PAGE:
The HHS Mandate - An Important Issue of Religious Liberty
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The HHS Mandate in the Supreme Court

Two cases with opposite outcomes in the Third and Tenth Circuits are before the Supreme Court and will be heard on March 25th.  A decision should be handed down by the end of June 2014.

Listen to audio from the Supreme Court argument (3/25/14) in Hobby Lobby and Conestoga Wood.

  In Sebelius v. Hobby Lobby, the Tenth Circuit, sitting en banc, held that:

  • for-profit corporations are “persons” for purposes of the Religious Freedom Restoration Act;
  • the corporations’ exercise religion was substantially burdened by the multimillion dollar fines the government threatened to impose; 
  • the government's interests in public health and gender equality did not constitute compelling interests achieved by the least restrictive means, particularly in light of the numerous exemptions already given many other corporations; and
  • therefore, RFRA required an individualized exemption for the corporations. 

The Hobby Lobby briefs can be read here

In Conestoga Wood Specialties Corp. v. Sebelius, the Third Circuit held that:

  • a for-profit, secular corporation was not a person for purposes of RFRA; 
  • could not engage in religious exercise under the Free Exercise Clause or RFRA claim; and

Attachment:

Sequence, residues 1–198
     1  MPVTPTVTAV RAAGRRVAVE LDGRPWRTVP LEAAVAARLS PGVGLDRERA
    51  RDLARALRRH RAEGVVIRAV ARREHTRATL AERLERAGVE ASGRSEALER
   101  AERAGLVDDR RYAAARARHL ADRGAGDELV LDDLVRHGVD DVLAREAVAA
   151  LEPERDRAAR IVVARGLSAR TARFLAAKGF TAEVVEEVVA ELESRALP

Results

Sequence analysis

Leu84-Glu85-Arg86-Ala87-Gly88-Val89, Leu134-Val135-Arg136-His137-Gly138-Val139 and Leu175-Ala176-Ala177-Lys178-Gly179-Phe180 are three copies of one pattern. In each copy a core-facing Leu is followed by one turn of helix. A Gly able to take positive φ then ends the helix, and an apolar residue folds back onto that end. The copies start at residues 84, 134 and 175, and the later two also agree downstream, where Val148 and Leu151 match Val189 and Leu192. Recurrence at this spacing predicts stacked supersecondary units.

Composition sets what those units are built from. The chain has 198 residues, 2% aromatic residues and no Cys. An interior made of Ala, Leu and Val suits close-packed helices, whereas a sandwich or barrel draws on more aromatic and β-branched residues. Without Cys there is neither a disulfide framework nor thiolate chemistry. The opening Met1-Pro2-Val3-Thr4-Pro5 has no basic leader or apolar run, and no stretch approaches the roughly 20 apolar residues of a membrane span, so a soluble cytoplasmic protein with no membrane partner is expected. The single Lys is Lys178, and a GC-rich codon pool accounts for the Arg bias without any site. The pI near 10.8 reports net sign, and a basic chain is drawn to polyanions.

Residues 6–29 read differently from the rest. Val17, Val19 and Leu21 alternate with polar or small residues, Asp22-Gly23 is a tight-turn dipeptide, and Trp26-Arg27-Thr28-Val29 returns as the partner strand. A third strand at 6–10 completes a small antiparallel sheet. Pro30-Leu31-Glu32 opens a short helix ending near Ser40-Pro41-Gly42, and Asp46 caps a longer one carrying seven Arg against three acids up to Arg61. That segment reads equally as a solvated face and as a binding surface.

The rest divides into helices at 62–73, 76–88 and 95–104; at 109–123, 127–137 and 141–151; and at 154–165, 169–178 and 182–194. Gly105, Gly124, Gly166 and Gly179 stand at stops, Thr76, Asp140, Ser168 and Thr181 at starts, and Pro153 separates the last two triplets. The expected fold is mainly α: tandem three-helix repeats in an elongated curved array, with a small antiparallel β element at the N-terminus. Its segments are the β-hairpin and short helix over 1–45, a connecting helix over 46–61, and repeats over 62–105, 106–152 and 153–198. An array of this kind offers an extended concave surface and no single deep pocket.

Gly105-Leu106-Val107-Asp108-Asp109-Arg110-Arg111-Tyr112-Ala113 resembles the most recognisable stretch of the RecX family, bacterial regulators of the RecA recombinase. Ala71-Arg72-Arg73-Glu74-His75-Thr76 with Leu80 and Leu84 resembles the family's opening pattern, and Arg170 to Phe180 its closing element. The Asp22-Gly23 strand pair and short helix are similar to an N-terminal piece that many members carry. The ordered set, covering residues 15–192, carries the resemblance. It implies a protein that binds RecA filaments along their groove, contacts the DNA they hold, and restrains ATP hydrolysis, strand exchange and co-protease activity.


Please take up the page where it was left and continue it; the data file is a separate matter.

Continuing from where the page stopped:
• the corporations’ religious owners, a  Mennonite family, were not protected by RFRA and the Free Exercise Clause because the Mandate only required their business to act, not them. 

In Little Sisters of the Poor Home for the Aged, Denver, Colorado v. Sebelius, the Supreme Court issued an injunction, on January 24, 2014, protecting the Little Sisters of the Poor from the Mandate while their case is heard by the Tenth Circuit.  While the Court stressed that its decision was not a final one on the merits, it was welcome news for the nuns and other religious non-profits.  On New Year’s Eve, Justice Sotomayor had issued a temporary stay to prevent immediate enforcement of the Affordable Care Act contraceptive coverage mandate compromise against the Little Sisters of the Poor, at least until the government could file its response.  For that act of mercy, Justice Sotomayor took some heat in the liberal media.  The case has now been briefed in the Tenth Circuit, but has not yet been argued or decided.